Diagnostic Characteristics: Rhynchospora decurrens is most closely related to R. mixta Britt. This is at once apparent in the habit which is indistinguishable from that of R. mixta, for the plant has the same lax and drooping aspect with the typical flat soft leaves, and the loose cymes with their spreading or drooping filiform branchlets. The distinction between the two species depends upon achenial characters. The six bristles surrounding the customarily pale chestnut achene of R. mixta exceed the deltoid-attenuate tubercle which is 0.4 (rarely)-0.9 mm high and marginally setose. The achene of R. decurrens, however, while similar to that of R. mixta in pitting and general outline, is a brilliant chestnut, surrounded by six bristles in height not equalling the tubercle, which is short (not exceeding 3 mm long), broadly deltoid, and without a trace of marginal setae. (Gale 1944)
Duration: PERENNIAL
Reproduction Comments: Sexual reproduction occurs spring through fall (Wunderlin 1982). Dispersal by birds recorded for genus; many Rhynchospora species have achenes with prominent long beak and barbed bristles which may adhere to fur or feathers, although both beak and bristles are rather short in this species.
Palustrine Habitat(s): FORESTED WETLAND, HERBACEOUS WETLAND
Habitat Comments: Swamp forests and marshy shores (Godfrey and Wooten 1981). Floodplains, cypress swamps (Clewell 1985).
Economic Attributes Not yet assessed
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Management Summary Not yet assessed
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Population/Occurrence Delineation Not yet assessed
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Population/Occurrence Viability
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U.S. Invasive Species Impact Rank (I-Rank) Not yet assessed
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Authors/Contributors
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NatureServe Conservation Status Factors Edition Date: 27Feb1996
NatureServe Conservation Status Factors Author: Amoroso, J.L.; A. Wildman, rankspecs by A. Weakley (1994); rev. L. Morse (1996).
Element Ecology & Life History Edition Date: 30Nov1994
Element Ecology & Life History Author(s): A. WILDMAN, TNC-HO

Botanical data developed by NatureServe and its network of natural heritage programs (see Local Programs), The North Carolina Botanical Garden, and other contributors and cooperators (see Sources).

References
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  • BRIDGES, E.L. AND G.A. REESE. 1996. UPPER LAKES BASIN WATERSHED NATURAL RESOURCES INVENTORY-A PROJECT OF THE NATURAL RESOURCE INVENTORY OF SAVE OUR RIVERS LANDS. FAIRCHILD TROPICAL GARDEN, MIAMI, FL.

  • Bryson, Charles T. 2002. Preliminary abundance and range estimates for Cyperaceae species of Mississippi. Handwritten notes provided to Mississippi Natural Heritage Program, Jackson, MS. 100 pp.

  • Clewell, A.F. 1985. Guide to vascular plants of the Florida panhandle. Florida State Univ. Press, Tallahassee, Florida. 605 pp.

  • GALE, S. 1944. RHYNCHOSPORA, SECTION EURHYNCHOSPORA, IN CANADA, THE UNITED STATES, AND THE WEST INDIES. CONTRIB. FROM THE GRAY HERB.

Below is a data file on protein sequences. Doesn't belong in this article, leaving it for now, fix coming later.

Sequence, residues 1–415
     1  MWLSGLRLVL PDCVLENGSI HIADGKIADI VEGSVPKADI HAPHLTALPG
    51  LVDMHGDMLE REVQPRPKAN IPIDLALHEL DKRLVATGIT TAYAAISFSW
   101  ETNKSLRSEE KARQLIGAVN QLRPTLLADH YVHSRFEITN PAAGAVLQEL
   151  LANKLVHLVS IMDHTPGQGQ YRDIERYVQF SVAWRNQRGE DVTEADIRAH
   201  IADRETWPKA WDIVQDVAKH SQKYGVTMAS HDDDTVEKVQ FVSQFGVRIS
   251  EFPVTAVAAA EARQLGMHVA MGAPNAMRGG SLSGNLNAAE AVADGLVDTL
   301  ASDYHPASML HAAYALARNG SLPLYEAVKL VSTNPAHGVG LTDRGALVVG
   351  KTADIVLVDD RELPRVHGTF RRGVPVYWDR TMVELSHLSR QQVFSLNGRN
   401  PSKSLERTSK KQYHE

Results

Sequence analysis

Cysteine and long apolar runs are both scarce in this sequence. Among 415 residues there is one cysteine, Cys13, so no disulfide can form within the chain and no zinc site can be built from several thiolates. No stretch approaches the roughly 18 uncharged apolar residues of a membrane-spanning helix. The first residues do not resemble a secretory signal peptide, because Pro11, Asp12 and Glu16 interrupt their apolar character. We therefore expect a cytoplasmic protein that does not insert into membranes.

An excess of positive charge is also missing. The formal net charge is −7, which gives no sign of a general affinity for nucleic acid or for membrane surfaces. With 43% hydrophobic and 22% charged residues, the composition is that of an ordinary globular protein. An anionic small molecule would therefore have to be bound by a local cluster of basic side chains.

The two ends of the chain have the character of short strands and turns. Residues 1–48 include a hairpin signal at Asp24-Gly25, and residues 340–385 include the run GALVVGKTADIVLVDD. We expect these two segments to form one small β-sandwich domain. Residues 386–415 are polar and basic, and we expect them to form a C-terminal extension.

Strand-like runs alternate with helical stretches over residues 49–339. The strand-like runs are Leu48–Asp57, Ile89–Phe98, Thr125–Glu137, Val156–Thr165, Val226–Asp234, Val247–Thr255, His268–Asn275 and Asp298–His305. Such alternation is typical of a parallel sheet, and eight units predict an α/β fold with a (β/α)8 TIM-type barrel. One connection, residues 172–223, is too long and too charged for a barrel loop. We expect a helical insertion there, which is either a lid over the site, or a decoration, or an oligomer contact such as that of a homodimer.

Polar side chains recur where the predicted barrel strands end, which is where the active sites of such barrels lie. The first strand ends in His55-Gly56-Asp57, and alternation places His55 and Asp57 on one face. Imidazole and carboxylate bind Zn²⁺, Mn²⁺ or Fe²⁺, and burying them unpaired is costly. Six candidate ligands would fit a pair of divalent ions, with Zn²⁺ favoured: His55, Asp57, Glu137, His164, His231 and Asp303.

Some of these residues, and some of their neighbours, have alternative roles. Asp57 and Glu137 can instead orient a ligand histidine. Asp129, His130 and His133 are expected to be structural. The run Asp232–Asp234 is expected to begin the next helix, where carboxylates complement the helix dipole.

• GODFREY, R.K. & J. WOOTEN. 1979. AQUATIC & WETLAND PLANTS OF SOUTHEASTERN U.S., MONOCOTYLEDONS. UNIVERSITY OF GEORGIA PRESS, ATHENS. 712 PP.

  • Gale, S. 1944. Rhynchospora, section Eurhynchospora, in Canada, the United States and the West Indies. Rhodora 46:89-134; 159-197; 207-249; 255-278.

  • Godfrey, R.K., and J.W. Wooten. 1979. Aquatic and wetland plants of southeastern United States: Monocotyledons. Univ. Georgia Press, Athens. 712 pp.

  • Godfrey, R.K., and J.W. Wooten. 1981. Aquatic and wetland plants of southeastern United States: Dicotyledons. Univ. Georgia Press, Athens. 933 pp.

  • Kartesz, J.T. 1994. A synonymized checklist of the vascular flora of the United States, Canada, and Greenland. 2nd edition. 2 vols. Timber Press, Portland, OR.

  • Leonard, Steve. 1999. State conservation ranking recommendations for species included in the paper:Sorrie, B.A., and S.W. Leonard. 1999. Noteworthy records of Mississippi Mississippi vascular plants. Sida 18(3)889-908.

  • Pijl, L. van der. 1982. Principles of dispersal in higher plants. Springer-Verlag, Berlin, Germany. 214 pp.

  • Proctor, M., and P. Yeo. 1973. The pollination of flowers. William Collins Sons & Co. Ltd, London. 418 pp.

  • RADFORD, A., H. AHLES AND C. BELL. 1968 MANUAL OF THE VASCULAR FLORA OF THE CAROLINAS. THE UNIVERSITY OF NORTH CAROLINA PRESS CHAPEL HILL. 1183 PP + LXI.

  • Radford, A. E. 1986. Fundamentals of plant systematics Harper & Row, New York.

  • Radford, A.E., H.E. Ahles, and C.R. Bell. 1968. Manual of the vascular flora of the Carolinas. Univ. North Carolina Press, Chapel Hill, NC. 1183 pp.

  • Richards, A.J. 1986. Plant breeding systems. George Allen & Unwin, London. 529 pp.

  • Small, J.K. 1933. Manual of the southeastern flora. Two volumes. Hafner Publishing Company, New York.

  • Sorrie, B.A. 1999. Species ranking for noteworthy plants of Mississippi (A99SOR01MSUS). E-mail of Sept. 1, 1999 to MSHP.

  • Sorrie, B.A., and S.W. Leonard. 1999. Noteworthy records of Mississippi vascular plants. Sida 18(3)889-908. Address: BRUCE SORRIE, 3076 NIAGARA-CARTHAGE ROAD, WHISPERING PINES, NC 28327

  • Sorrie, Bruce A. 2000. Plant EORs: a subreport of R97MOO01MSUS. Edit 9 (175 records).

  • Stebbins, G.L. 1974. Flowering plants: evolution above the species level. Harvard Univ. Press, Cambridge, MA. 399 pp.

  • Wunderlin, R.P. 1982. Guide to the vascular plants of central Florida. Univ. Presses Florida, Gainesville. 472 pp.